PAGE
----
The 21-year-old student of the Kwame Nkrumah University of Science and Technology (KNUST) beat competition from four other contenders to walk home with a four-wheel Suzuki Vitara, a whopping GH¢10,000 cash prize and an opportunity to embark on a spectacular trip to South Africa.
Northern Region’s Hiba emerged second while Eastern Region’s Akos came third with Naa of Greater Accra Region and Ashanti Region’s Badu taking the fourth and fifth positions respectively.
Hiba received GH¢ 8,000, Akos GH¢ 7,000, Naa GH¢ 6,000 and Badu GH¢ 4,000 as cash prizes.
Ghana’s Most Beautiful Season 10 as usual started with ten beautiful land talented ladies – Alaya, Badu, Hiba, Akos, Naa, Deme, Efua, Yaba, Akos and Kafui – representing the 10 regions in Ghana. For 13 weeks, these ladies exhibited high levels of creativity and in-depth knowledge of culture and traditions of their respective regions during the live stage performances.
Setting the stage for Sunday’s resplendent final at the Accra International Conference Center was multiple award-winning hip-life group VVIP.
This ushered in the five finalists, who after a well-rehearsed choreography, appeared in casual wears. Since there were no vocal assessments from the judges, the five contestants only had to show off their wears. They were, however, scored on how good they looked in them. Much was rather seen of the contestants in the individual performances.
Akos, real name Esther Akosua Safowaa, lifted the curtains with her energetic call for peace. Laced with a live report on ballot counting from the Ketu South and Bantama constituencies, she gave patrons something to cheer about after declaring results for the opposition New Patriotic Party (NPP) – in their waterloo, Ketu South – and for the ruling National Democratic Congress (NDC) – in Bantama.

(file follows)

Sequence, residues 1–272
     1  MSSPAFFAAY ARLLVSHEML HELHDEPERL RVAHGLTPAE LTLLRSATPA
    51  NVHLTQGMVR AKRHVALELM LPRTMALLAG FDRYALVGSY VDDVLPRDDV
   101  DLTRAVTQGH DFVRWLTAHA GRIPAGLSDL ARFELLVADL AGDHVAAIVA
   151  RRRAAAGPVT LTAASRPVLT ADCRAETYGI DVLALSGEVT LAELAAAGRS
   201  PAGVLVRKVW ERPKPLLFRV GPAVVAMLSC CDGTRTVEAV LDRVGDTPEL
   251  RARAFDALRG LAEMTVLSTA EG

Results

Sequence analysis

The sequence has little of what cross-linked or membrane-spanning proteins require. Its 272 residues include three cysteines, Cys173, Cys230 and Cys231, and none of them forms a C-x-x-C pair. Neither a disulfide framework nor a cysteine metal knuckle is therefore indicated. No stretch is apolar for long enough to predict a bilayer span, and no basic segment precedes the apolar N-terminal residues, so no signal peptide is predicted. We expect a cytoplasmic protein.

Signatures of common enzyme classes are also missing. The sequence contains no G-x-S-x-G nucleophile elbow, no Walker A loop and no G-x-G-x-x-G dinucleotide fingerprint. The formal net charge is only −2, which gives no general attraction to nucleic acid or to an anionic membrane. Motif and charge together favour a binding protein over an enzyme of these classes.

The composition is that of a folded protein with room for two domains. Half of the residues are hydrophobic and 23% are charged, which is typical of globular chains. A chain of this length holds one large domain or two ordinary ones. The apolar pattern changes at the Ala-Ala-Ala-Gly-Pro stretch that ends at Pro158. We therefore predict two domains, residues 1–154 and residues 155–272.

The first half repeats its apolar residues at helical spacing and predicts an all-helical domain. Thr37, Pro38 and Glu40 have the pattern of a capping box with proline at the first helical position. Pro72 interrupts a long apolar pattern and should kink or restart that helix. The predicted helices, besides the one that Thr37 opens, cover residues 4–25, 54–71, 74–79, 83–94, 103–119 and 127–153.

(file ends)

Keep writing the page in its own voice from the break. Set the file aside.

Hiba, real name Muhiba Fialele Idriss, came next, as a nurse dispensing her services to all Ghanaians irrespective of tribe and political affiliation. She called for justice: “Let justice prevail”.
Badu mimicked division in a traditional palace but called on all to embrace unity and togetherness. Yaba, who hails from Axim, near the birthplace of Ghana’s first president, was concerned Osagyefo Dr Kwame Nkrumah may not be happy with the polarized nature of politics in the country. She capped her performance with a rendition of the national anthem.
Naa put up a rather solemn performance in honour of her mother. She attributed her achievements in life so far to the advice and guidance of her mum, who was seated among the audience.
Q & A segment
The mettle of the five contestants were tested by the judges in the question and answer segment.
Hiba suggested the organisation of tourism clubs in schools in her answer to Judge Linda Ampah’s question on how to promote domestic tourism if appointed the Chief Director of the Ministry of Tourism, Culture and Creative Arts. She also suggested hiring buses for the youth to embark on sight-seeing especially on public holidays in order to be spurred on to recommend tourist sites to others.
Yaba was asked what she would do to curb the illegal mining menace. She explained that the situation boils down to unemployed youth, who seem to be taken advantage of by chiefs and government officials. She suggested education and sensitization on the adverse effects of illegal mining to discourage many from engaging in it. Badu was eloquent in her explanation on the origin of Adinkra symbols, citing some of the symbols as M’ahu m’asie. “They represent the concept of aphorisms which are short statements that explain the wisdom of a group of people,” she said to loud applause.
Naa expressed faith in Ghana achieving Sustainable Development Goal 2, arguing that just like any other goal, SDG 2 can be achieved especially when the youth are incentivized to embrace agriculture. Last but not least, Akos recited the national pledge and explained its significance in fostering unity and oneness.